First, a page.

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Caveats of cloud computing definitions for lawyers


{ dr. Homoki Péter / 22.03.28 }

Any regulatory definition of cloud computing?

Being a lawyer means being obsessed with the right definition. It’s no surprise that the term “cloud computing” begs for definition, because even a cursory practical acquaintance with the term shows that many people understand quite contradictory things under the same term.

It’s also important to note for lawyers that the meaning of cloud computing has extensive and potentially costly consequences due to regulatory reasons. For example, for banks, there was a special regulatory regime introduced by the European Banking Authority EBA-Rec 2017-03 if a bank decided to outsource a service to cloud service providers. Since 2019 (EBA/GL/2019/2), there are no longer specific regulatory provisions on cloud services for banks at the EU level (other than recording this fact), the terminology remains in place at the EU level, and there are still a number of special national regulatory requirements in place that apply to cloud services only.

For defining cloud computing, the EBA used the definition of the standardisation body of the United States of America, NIST 800-145. This is the definition used by Eurostat as well.

The Communication from the Commission “Unleashing the Potential of Cloud Computing in Europe” (COM/2012/0529) also refers to this definition preamble 5

There are no further definitions of cloud computing at the level of EU that I know of. What’s more, even the definition used in Saudi Arabia by the Communications and Information Technology Commission (CITC) Cloud Computing Regulatory Framework 2-2-1

In summary, it’s hard to find any detaile definition other than the NIST one. There are regulatory acts that, for their own purposes, clearly use a cloud computing term that is different from the NIST definition, but they never make any attempt at a definition, such as in the Digital Single Market Copyright Directive (see the definition of online content-sharing services).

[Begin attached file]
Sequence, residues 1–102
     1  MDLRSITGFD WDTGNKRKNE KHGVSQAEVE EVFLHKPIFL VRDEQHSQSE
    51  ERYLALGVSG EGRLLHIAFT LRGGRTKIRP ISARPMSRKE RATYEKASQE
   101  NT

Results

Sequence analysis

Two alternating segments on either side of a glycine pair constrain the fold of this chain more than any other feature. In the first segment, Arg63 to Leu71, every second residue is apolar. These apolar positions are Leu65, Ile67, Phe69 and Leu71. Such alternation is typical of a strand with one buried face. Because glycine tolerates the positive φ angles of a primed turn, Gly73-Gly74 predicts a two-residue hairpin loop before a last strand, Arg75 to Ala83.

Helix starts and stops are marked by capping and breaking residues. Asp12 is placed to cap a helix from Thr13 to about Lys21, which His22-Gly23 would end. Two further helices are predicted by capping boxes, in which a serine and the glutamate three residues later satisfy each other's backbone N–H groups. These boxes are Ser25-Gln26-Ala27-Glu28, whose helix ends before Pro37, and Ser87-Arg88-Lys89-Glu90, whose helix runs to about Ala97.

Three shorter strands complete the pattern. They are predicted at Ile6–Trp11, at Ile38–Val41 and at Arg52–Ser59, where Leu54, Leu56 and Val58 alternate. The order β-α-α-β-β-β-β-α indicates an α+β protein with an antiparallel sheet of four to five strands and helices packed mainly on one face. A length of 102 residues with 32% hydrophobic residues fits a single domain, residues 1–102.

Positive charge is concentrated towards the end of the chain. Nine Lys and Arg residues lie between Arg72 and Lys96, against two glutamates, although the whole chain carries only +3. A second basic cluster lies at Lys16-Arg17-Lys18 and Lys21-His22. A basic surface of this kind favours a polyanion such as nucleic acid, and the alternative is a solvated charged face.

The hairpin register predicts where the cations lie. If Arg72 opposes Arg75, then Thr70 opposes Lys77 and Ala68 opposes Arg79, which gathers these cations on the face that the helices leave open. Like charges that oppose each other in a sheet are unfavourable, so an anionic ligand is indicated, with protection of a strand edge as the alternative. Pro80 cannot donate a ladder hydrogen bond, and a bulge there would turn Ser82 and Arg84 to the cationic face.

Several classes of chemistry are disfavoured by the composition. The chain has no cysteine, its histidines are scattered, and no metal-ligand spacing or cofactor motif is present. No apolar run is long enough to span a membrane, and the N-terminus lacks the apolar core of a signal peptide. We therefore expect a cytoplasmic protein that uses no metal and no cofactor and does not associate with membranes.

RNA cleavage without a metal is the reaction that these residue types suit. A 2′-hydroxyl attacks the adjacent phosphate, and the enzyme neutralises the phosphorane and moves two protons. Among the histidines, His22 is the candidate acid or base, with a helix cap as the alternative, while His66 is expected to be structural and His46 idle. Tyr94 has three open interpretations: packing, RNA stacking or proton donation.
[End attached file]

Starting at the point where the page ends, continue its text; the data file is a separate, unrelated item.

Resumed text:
How is cloud computing defined by NIST?

At first glance, the NIST definition in SP 800-145 seems rather simple, but still confusing. It defines “cloud computing” as a “model” that enables access to computing resources in accordance with a list of specific characteristics. However, at the same time, it also defines cloud computing model as a composite of three further concepts: “five essential characteristics”, “three service models” and “four deployment models”.

This double definition is difficult to understand, but for us, the first definition seems to be more salient for the moment. This first definition is the same as the “five essential characteristics”, and the five essential characteristics spell out a bit more detail about those specific characteristics referred to that make a model a cloud computing model. The next most important question is: what does it mean that cloud computing is defined by being a model? How can we use the definition of cloud computing to decide regarding a computer service or solution whether it is cloud computing or not? The answer comes from the rest of the first definition: a “model for enabling … access to computing resources”. (Here resources mean applications, servers, storage, processor capacity etc.) That is, model has a very generic meaning, it means the standard of “cloud computing” itself: if we have to decide whether something is cloud computing or not, can this something be called as cloud computing? Is this a cloud computing service, is this a cloud computing strategy, can this solution be called a cloud computing solution, is this product really a cloud computing product? (Actually, later publications by the NIST replace this term model by the term service.)

Of the five essential characteristics, only one of these characteristics seems self-evident: we can only talk about cloud computing if the model relies on network access available from many places (“broad network access”). The other four characteristics are both difficult to understand in detail, and also confusing: we can see that many current usages of the term cloud computing do not contain any reference to these characteristics, and furthermore in many cases it is theoretically impossible for the users themselves to decide whether a given service complies with these characteristics.

E.g. “resource pooling” says that these computing resources in all cases have to be pooled “to serve multiple consumers using a multi-tenant model”. But what about cloud computing uses that rely on the deployment model called a “private cloud”? The answer to this question lies in the definition of the “private cloud” deployment model, which is about a single legal entity (organisation) with multiple “internal consumers”, such as different departments within the same entity are considered as different consumers of the service. This is clearly not in line with general expectations of an average lawyer of what “multi-tenant” or “multiple consumers” would mean.